I recently visited Hersey High School and watched Scott Casagrande work. He had auditon music for the Illinois Music Educators Association district band festival sitting on a table in the front of the room. By coincidence a tuba etude was on top, and I recognized this etude as one that I played for district auditions back when I was a high school student.
A flood of memories came back to me. One was the sheer size of the band, which was three times bigger than my high school group. It seemed impossible that everyone could fit in the rehearsal room.
One of the pieces we played was H. Owen Reed’s La Fiesta Mexicana; the “Mass” movement just blew me away. I had never heard anything like the chimes solo before and was captivated by the building trombone parts. Another work, The Hounds of Spring by Alfred Reed, was and still is one of the most beautiful works I have ever heard. It was the first music I had seen with a 9/8 time signature, and I remember not having the foggiest idea how 9/8 was counted. My wild guess was four and a half beats per measure, but my director quickly set me straight.
Perhaps my favorite from the IMEA festival was Themes from “Green Bushes” by Percy Grainger. I have always been impressed by composers who can take a theme and build more excitement each time it is repeated. Of course, I was also partial to Green Bushes because the tubas got to play the melody first. It was a struggle to get eight tubas (plus low reeds) to start the piece precisely together and play in a light, bouncy style.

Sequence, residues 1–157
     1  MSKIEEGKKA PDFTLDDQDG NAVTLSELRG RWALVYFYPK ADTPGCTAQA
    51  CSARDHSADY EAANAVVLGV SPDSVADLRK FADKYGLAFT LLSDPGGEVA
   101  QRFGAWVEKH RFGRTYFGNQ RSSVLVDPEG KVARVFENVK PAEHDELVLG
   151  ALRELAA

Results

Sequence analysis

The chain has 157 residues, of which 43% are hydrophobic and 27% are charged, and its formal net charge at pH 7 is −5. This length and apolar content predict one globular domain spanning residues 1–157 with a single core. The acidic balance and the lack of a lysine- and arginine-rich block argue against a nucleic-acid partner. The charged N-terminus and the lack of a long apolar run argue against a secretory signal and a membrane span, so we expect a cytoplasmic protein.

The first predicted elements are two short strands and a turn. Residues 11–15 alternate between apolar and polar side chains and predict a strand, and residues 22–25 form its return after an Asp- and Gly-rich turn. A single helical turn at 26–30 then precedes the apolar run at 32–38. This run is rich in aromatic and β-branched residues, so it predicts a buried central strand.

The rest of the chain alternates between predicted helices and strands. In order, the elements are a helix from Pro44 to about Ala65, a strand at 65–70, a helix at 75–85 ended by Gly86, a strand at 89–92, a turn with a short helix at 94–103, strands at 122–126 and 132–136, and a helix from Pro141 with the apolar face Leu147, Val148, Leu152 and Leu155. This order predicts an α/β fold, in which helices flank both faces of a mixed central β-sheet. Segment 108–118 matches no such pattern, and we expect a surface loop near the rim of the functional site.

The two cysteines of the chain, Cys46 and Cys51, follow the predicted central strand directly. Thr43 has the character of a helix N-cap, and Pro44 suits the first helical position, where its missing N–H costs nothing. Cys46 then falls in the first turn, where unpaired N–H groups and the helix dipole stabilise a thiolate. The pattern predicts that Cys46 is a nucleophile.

After a quick search online I found the state scales, which also appear mostly unchanged from when I was in high school. As a student, I used to focus too much on technical work and not enough on artistry. I am uncertain I could play all the way through them now at the tempo I could then, but I hope the phrasing would be better now. Certainly perfection is always the goal, but today I would be more forgiving of a flubbed note in a C-flat major scale if it sounded musically pleasing.
In auditions this year I would encourage students to take advantage of the many wonderful opportunities that district and state festivals offer. The rewards are worth the work to play in these events.